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September 1925


Author Affiliations

Professor of Anatomy, Stanford Medical School, Leland Stanford, Jr., University STANFORD UNIVERSITY, CALIF.

Arch Derm Syphilol. 1925;12(3):380-401. doi:10.1001/archderm.1925.02370090057008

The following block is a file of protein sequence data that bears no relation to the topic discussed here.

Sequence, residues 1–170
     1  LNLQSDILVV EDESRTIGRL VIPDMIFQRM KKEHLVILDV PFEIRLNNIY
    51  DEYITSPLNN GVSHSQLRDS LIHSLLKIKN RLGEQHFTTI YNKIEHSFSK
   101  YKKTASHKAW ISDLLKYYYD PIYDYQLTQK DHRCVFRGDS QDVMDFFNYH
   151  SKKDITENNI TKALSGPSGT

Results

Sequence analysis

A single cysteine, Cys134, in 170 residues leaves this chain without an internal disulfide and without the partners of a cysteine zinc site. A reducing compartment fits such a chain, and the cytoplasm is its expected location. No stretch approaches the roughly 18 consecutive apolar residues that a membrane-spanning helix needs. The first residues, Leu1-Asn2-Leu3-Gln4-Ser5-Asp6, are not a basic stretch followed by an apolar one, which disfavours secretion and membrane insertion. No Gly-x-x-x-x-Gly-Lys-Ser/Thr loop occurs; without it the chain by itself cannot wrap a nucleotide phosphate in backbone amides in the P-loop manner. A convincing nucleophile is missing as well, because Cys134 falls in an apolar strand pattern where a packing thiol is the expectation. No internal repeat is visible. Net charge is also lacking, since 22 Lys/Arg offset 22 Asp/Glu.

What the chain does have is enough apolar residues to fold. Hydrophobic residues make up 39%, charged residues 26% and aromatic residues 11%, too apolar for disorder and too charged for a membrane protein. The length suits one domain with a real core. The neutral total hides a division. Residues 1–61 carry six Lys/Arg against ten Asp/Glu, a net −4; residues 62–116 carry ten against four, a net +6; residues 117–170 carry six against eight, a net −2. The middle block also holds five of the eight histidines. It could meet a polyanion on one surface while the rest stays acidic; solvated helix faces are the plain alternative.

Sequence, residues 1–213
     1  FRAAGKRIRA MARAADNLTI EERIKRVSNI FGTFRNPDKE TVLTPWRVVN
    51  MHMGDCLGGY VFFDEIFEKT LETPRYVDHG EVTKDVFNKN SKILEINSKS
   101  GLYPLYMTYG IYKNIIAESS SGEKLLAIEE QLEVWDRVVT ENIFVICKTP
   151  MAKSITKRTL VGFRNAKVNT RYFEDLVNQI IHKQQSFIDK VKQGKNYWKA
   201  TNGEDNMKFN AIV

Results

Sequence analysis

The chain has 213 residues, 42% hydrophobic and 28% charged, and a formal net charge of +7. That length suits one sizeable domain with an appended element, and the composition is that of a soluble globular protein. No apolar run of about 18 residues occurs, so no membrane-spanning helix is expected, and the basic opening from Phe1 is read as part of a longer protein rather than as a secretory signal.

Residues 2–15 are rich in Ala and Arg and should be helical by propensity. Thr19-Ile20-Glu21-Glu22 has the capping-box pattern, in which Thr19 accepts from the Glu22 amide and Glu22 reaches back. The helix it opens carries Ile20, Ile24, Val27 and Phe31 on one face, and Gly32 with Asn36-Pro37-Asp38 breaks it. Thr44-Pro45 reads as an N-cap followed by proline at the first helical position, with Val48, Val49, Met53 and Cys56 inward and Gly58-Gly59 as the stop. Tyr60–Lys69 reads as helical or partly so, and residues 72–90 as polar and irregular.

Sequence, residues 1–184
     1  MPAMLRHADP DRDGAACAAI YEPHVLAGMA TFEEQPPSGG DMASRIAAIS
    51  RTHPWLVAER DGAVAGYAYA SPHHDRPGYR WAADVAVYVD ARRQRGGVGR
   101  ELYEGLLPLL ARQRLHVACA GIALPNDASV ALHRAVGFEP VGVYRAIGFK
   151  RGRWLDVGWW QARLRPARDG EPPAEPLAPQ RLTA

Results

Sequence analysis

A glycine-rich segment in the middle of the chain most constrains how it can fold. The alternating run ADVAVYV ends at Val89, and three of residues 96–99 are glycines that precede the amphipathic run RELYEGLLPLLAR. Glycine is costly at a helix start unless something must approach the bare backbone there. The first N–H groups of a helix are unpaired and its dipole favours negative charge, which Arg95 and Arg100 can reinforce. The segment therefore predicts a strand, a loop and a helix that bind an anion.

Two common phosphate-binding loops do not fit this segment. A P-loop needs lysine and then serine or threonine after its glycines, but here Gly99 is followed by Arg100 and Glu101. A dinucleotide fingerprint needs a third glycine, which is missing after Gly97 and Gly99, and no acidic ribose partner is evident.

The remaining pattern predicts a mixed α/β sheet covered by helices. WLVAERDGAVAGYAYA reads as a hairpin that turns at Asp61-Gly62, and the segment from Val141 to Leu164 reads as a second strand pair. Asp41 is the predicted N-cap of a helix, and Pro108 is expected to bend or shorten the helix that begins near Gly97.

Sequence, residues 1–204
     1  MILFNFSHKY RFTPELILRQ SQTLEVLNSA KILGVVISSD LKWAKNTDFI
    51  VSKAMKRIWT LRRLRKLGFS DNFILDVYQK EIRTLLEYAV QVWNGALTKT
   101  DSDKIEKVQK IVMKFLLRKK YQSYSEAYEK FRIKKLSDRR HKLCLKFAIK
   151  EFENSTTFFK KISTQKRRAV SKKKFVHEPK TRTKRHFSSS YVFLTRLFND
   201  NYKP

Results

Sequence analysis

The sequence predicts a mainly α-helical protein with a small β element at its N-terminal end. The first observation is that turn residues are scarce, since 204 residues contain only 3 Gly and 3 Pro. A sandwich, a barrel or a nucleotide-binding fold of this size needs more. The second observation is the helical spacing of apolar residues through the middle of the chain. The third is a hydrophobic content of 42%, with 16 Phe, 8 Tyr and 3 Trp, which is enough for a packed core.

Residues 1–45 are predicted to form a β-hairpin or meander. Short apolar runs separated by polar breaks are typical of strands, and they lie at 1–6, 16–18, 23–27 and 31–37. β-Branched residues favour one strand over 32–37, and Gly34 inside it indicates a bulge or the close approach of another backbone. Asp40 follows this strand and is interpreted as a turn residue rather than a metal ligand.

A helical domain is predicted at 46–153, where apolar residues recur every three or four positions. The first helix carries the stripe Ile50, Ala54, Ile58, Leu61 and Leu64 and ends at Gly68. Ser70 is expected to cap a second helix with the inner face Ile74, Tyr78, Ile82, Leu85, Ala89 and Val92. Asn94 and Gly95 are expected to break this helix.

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VII. HYPERTRICHOSIS  Hypertrichosis, in common with some other forms of aberrant hair growth, is undoubtedly due to a variety of different causes. Like alopecia, it may be present at birth, or may appear at any subsequent period of life. But unlike alopecia, it is probably never directly induced by any pathogenic organisms, and it is probably correct to state that there is as yet no satisfactory evidence that it can be induced by external factors. That there may be predisposing external causes cannot be denied, and every effort should be made to establish the fact of their existence, but in the light of our present knowledge hypertrichosis seems to be preeminently a matter of constitution. And so it becomes a question of interpreting hypertrichosis in terms of variation in the complex of factors which usually result in ordinary hair growth. To this end, studies directed at an understanding of the

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